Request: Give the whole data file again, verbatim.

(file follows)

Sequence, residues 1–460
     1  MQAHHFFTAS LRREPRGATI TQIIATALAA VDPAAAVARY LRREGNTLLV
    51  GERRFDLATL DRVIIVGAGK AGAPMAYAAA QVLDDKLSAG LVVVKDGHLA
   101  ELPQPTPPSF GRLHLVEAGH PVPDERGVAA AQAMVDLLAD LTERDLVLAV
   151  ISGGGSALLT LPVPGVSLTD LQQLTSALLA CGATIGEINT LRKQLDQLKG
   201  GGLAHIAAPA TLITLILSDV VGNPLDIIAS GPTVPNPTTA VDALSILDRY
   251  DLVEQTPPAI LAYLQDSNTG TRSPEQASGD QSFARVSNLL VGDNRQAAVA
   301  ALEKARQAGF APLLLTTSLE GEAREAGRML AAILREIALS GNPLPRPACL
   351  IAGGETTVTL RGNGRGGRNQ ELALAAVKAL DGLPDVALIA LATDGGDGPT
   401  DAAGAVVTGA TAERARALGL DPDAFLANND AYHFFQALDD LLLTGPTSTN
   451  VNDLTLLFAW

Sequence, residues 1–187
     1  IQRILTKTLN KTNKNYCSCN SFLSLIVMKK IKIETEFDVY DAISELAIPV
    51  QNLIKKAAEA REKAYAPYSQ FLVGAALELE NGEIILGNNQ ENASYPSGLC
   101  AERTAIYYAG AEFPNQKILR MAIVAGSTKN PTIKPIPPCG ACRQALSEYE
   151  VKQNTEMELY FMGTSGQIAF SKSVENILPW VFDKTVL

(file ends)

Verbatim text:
Sequence, residues 1–460
     1  MQAHHFFTAS LRREPRGATI TQIIATALAA VDPAAAVARY LRREGNTLLV
    51  GERRFDLATL DRVIIVGAGK AGAPMAYAAA QVLDDKLSAG LVVVKDGHLA
   101  ELPQPTPPSF GRLHLVEAGH PVPDERGVAA AQAMVDLLAD LTERDLVLAV
   151  ISGGGSALLT LPVPGVSLTD LQQLTSALLA CGATIGEINT LRKQLDQLKG
   201  GGLAHIAAPA TLITLILSDV VGNPLDIIAS GPTVPNPTTA VDALSILDRY
   251  DLVEQTPPAI LAYLQDSNTG TRSPEQASGD QSFARVSNLL VGDNRQAAVA
   301  ALEKARQAGF APLLLTTSLE GEAREAGRML AAILREIALS GNPLPRPACL
   351  IAGGETTVTL RGNGRGGRNQ ELALAAVKAL DGLPDVALIA LATDGGDGPT
   401  DAAGAVVTGA TAERARALGL DPDAFLANND AYHFFQALDD LLLTGPTSTN
   451  VNDLTLLFAW

Sequence, residues 1–187
     1  IQRILTKTLN KTNKNYCSCN SFLSLIVMKK IKIETEFDVY DAISELAIPV
    51  QNLIKKAAEA REKAYAPYSQ FLVGAALELE NGEIILGNNQ ENASYPSGLC
   101  AERTAIYYAG AEFPNQKILR MAIVAGSTKN PTIKPIPPCG ACRQALSEYE
   151  VKQNTEMELY FMGTSGQIAF SKSVENILPW VFDKTVL